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  • Writer's pictureAnne O

Dealing with Burnout

A friend of mine broke down from exhaustion and sheer overwork recently. He had been working back-to-back and getting very little sleep for days. He ended up in the hospital with grave signs of exhaustion when his body bailed on him. It was a most sobering experience for him. After I had a long session with him on burnout, I thought to share some insights here as well.

Burnout can be described as a condition of exhaustion combined with feelings of hopelessness and cynicism. It occurs when one is exposed to repeated stress without intervention. It is usually a gradual pile on of repeated stress. Many times, one may not realise they are overworked until mental and physical symptoms of burnout set in, some of which include:

· Difficulty concentrating

· Being forgetful

· Lower productivity

· Indifference to one's work where previously it offered a sense of pride and accomplishment

· Being inpatient or feeling easily irritated by others

· Insomnia

· Fatigue

· Muscle tension or pain

The danger with burnout is that it creeps in insidiously and worsens with repeated stress that isn’t curtailed or well managed. This can then go on to cause health risks that contributes to cardiovascular diseases, metabolic disorders, immune disorders, and mental health issues amongst others.

In managing burnout, it is helpful to do the following:

1. Identify the source of the repeated stress – what constantly overwhelms you?

2. Identify changes you can make to your routine to break the cycle of repeated stress – this can be changes that may be instituted hourly, daily, weekly, and so on.

3. Delegate and seek help when needed – you do not have to do all the work all the time. There are always people around you who will be able to take on some of your tasks with enthusiasm and efficiency. If you don’t have any, you may consider hiring, training or outsourcing.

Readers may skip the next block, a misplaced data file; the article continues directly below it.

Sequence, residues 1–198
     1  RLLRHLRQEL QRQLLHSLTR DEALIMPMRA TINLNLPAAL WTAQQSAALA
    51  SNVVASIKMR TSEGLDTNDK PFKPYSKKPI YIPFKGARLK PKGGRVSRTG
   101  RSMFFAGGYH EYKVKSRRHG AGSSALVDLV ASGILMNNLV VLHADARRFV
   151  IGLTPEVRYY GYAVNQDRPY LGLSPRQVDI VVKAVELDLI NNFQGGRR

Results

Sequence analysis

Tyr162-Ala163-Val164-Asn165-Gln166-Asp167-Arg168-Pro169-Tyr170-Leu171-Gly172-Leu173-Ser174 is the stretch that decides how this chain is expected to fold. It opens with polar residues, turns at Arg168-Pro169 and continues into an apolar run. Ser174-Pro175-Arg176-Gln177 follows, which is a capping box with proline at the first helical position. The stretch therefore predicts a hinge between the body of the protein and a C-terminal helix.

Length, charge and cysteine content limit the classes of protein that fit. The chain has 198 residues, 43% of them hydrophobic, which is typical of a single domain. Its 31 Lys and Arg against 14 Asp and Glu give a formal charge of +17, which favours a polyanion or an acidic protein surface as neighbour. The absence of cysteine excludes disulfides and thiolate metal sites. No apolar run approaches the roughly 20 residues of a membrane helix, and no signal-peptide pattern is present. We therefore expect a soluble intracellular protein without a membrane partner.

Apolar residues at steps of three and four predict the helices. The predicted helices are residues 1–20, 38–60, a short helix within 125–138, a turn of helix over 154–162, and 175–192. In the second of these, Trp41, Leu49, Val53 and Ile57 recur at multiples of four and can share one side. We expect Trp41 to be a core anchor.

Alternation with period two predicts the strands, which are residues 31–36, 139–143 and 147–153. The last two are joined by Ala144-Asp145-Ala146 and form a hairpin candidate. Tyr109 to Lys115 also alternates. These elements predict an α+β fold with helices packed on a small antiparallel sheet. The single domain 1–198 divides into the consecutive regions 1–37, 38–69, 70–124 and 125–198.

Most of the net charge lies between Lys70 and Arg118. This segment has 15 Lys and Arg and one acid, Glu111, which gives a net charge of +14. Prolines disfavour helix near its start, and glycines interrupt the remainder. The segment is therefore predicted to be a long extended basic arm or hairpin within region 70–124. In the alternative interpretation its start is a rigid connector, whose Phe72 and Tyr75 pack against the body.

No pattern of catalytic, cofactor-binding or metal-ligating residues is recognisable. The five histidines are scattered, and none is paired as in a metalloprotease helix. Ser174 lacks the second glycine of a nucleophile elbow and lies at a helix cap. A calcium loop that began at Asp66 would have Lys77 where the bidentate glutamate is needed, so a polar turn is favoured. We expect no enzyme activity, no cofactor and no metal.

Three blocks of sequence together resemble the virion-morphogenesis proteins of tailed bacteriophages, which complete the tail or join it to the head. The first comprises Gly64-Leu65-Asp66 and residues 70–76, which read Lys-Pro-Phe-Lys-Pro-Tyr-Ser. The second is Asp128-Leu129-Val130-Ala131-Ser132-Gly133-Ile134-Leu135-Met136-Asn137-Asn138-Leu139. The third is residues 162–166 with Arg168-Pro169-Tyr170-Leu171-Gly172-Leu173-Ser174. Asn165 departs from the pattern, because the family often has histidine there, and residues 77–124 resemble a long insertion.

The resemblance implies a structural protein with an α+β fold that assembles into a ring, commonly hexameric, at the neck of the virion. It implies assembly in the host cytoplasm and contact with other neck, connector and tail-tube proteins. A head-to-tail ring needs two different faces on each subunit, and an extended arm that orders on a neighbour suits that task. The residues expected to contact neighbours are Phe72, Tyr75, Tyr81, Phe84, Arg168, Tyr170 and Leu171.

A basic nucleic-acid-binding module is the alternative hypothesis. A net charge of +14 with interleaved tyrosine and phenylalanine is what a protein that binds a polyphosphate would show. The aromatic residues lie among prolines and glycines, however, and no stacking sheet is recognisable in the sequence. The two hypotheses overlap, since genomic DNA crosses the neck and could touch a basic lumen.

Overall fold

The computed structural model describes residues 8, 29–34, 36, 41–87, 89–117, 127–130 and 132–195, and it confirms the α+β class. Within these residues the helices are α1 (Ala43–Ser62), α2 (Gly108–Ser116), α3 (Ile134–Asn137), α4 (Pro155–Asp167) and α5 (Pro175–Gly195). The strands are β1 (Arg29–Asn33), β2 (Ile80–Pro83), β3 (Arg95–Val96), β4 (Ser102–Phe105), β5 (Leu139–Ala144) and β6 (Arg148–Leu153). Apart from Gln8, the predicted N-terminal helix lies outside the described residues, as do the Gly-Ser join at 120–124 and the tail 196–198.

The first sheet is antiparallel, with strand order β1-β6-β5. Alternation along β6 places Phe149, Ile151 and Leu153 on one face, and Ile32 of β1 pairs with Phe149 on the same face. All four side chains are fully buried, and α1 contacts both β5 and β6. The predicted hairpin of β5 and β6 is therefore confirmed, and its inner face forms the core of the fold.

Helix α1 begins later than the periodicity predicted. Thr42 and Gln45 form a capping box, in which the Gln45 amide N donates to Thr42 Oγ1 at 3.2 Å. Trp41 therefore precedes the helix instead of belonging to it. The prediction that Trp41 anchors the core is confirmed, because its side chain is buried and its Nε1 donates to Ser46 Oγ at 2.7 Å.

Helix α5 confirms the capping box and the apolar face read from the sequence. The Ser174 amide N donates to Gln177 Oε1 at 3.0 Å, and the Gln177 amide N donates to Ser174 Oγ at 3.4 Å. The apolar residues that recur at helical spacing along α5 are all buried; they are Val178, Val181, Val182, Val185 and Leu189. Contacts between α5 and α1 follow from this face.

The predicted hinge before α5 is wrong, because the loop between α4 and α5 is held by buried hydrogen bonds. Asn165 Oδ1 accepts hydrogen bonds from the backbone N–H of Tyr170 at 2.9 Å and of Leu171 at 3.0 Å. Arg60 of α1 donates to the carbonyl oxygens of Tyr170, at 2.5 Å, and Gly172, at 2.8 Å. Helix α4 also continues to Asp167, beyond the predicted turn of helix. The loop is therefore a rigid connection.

4. Take control – set boundaries and use your time judiciously by focusing on the most important and essential tasks first.

5. Prioritise your health and wellbeing. Take good care of yourself:

· Take time away from the stressor if you can

· Get at least seven hours of sleep daily

· Engage in activities that you enjoy

· Practice Yoga or Tia chi

· Exercise to boost your ‘feel good hormones’

· Spend time in nature

· Eat healthy meals and hydrate appropriately

6. Commit to being consistent in managing stress and preventing burnout by using all the helpful tips afore mentioned.

Not making out time to care for oneself will always lead to health risks and long-term damages to the body’s physical and mental function including – cardiovascular diseases, metabolic diseases, gastrointestinal diseases, musculoskeletal problems, immune disorders (that may lead or contribute to cancer), anxiety disorder, anger issues, irritability, depression and alcohol or substance abuse.

Thankfully for my friend, things turned out well in the end as he sought medical intervention well in time for recuperation. Unfortunately, some people do not seek help until irreparable damage is done to the or system . I hope this article has given you insights on how to avoid this. I conclude with the words of Alan Cohen - there is virtue in work and there is virtue in rest. Use both and overlook neither.

Dr Anne Olowu, is a Public Health Physician and a Health Promotion expert with varied work experience across Africa. She is the Lead Public Health Consultant at She writes from Lagos, Nigeria.

Additional References

Trainer’s guide – SOLVE: Integrating Health Promotion into Workplace OSH Policies International Labour office. Accessed 19th July 2022


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